Results: The study included 344 patients (240 men and 104 women) with a median of 53.9 months of follow-up (range, 1–297 months) after RNU. Tumors were organ confined (T2/N0) in 211 (61.3%) and tumor grade high in 291 (84.6%). AC was administered in 64 patients (18.6%). A total of 280 patients (81.4%) were treated with surgery alone. Patients with LVI tended to be older (p=0.049), have a higher pT stage (pT3/T4, p<0.001), be pN+ (p<0.001), have a high tumor grade (p<0.001), and experience recurrence (p<0.001). In the multivariate analysis, LVI was an independent prognostic factor for cancer-specific survival and overall survival (p=0.002 and p<0.001, respectively). The multivariate analysis demonstrated that in the subgroup of patients with LVI, AC was a significant prognostic factor for cancer-specific survival and overall survival (hazard ratio, 0.51; p=0.027 and hazard ratio, 0.50; p=0.025, respectively).
Conclusions: AC does not seem to reduce mortality in patients with advanced upper tract urothelial carcinoma after RNU. In the subgroup of patients with LVI, AC had a positive impact on cancer-specific survival and overall survival. LVI would be helpful for selecting patients who are appropriate for AC.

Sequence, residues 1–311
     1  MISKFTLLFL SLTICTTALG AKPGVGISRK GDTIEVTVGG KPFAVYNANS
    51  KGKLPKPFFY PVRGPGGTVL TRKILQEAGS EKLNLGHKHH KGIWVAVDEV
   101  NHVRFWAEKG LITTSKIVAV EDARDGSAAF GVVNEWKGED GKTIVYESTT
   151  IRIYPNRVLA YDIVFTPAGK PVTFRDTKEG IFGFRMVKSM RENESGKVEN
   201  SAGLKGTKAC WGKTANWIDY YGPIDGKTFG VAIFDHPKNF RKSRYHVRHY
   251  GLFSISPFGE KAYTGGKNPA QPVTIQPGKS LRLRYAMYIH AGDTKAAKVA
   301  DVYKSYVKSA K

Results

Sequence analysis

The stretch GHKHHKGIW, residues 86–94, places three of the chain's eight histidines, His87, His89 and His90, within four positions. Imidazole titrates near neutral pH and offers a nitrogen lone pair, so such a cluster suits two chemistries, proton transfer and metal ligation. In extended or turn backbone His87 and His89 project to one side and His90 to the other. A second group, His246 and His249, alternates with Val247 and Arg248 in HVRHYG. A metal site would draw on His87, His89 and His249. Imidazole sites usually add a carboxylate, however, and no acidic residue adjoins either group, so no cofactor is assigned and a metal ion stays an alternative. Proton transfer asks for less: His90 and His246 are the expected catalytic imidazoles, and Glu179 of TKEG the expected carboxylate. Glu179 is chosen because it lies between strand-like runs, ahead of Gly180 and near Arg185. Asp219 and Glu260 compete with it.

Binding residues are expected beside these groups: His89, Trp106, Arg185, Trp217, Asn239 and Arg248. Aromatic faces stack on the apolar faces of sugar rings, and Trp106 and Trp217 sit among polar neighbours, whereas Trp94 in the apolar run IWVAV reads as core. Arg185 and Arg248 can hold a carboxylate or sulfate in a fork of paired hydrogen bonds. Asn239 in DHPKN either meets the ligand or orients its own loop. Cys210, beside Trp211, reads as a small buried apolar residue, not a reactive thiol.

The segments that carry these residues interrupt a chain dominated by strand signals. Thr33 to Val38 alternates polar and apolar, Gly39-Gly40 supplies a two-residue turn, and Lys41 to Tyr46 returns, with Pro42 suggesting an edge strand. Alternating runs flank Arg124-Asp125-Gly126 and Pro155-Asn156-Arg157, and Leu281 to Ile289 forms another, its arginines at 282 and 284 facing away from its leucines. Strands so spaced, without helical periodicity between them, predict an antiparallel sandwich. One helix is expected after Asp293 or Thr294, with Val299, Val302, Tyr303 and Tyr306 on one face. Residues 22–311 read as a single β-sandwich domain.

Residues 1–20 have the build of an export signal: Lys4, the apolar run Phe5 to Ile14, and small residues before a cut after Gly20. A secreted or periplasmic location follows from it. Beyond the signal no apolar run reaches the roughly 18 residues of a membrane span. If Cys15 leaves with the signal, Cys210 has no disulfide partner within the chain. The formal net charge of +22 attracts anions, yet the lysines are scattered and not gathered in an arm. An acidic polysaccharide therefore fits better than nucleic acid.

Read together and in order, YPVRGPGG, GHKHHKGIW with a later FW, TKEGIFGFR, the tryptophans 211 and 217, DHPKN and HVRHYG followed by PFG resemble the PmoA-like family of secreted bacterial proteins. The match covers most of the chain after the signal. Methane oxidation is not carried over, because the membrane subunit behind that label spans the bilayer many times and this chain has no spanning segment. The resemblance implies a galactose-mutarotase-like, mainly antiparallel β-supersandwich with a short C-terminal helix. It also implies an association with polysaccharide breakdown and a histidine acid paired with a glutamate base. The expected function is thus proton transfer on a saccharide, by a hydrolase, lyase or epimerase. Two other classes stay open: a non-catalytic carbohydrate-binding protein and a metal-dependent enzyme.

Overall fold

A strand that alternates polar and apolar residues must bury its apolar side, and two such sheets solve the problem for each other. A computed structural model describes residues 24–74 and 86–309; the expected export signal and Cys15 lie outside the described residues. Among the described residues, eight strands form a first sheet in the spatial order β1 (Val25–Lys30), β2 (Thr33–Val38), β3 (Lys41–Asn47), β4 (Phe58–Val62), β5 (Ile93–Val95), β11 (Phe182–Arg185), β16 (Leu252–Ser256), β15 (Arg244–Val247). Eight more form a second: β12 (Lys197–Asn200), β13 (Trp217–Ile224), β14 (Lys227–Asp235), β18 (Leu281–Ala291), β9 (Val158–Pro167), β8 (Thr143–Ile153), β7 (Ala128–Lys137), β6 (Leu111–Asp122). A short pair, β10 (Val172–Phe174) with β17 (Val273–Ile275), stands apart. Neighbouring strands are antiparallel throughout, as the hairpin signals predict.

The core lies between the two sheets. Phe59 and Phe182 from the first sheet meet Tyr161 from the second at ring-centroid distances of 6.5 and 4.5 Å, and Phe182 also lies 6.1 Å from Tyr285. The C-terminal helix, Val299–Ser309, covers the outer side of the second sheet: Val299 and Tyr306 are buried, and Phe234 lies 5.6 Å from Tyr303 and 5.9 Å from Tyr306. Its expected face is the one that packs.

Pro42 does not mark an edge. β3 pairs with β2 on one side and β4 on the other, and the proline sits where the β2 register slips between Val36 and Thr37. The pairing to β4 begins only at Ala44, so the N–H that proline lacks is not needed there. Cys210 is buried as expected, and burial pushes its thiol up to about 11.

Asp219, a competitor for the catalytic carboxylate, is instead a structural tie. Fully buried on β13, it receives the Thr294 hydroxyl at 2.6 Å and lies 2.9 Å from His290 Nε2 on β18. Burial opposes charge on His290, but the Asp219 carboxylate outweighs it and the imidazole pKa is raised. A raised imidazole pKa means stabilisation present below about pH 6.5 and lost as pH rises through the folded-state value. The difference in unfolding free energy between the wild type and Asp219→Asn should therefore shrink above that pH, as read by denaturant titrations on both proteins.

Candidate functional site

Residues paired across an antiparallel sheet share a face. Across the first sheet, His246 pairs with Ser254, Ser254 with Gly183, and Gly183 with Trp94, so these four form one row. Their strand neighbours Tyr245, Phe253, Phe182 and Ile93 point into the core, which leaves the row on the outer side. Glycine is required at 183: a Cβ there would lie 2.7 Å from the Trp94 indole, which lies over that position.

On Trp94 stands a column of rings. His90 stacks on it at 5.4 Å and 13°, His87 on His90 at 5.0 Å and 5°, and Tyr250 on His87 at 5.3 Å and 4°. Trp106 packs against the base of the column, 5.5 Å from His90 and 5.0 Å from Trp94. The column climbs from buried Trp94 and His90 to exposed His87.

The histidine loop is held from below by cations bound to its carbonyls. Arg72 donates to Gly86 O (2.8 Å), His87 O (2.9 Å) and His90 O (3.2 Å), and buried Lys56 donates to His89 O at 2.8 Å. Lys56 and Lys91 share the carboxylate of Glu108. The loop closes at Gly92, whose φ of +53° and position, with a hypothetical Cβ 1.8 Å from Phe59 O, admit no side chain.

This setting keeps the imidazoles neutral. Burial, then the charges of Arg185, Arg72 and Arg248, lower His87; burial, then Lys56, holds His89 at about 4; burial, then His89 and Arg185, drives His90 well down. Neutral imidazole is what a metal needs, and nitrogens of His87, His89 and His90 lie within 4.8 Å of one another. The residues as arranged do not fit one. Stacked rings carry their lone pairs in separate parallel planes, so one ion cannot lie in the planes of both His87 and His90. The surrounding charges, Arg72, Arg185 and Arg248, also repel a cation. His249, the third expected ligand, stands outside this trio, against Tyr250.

Purpose: To evaluate the impact of adjuvant chemotherapy (AC) in patients with upper tract urothelial carcinoma and lymphovascular invasion (LVI) after radical nephroureterectomy (RNU).
Materials and Methods: We retrospectively analyzed the clinical records and clinicopatholgic outcomes of patients (n=552) treated with RNU between 1986 and 2013. Patients treated with neoadjuvant chemotherapy and those for whom LVI status was not recorded were excluded. Patients were divided into two groups according to LVI (n=86) or no LVI (n=256).
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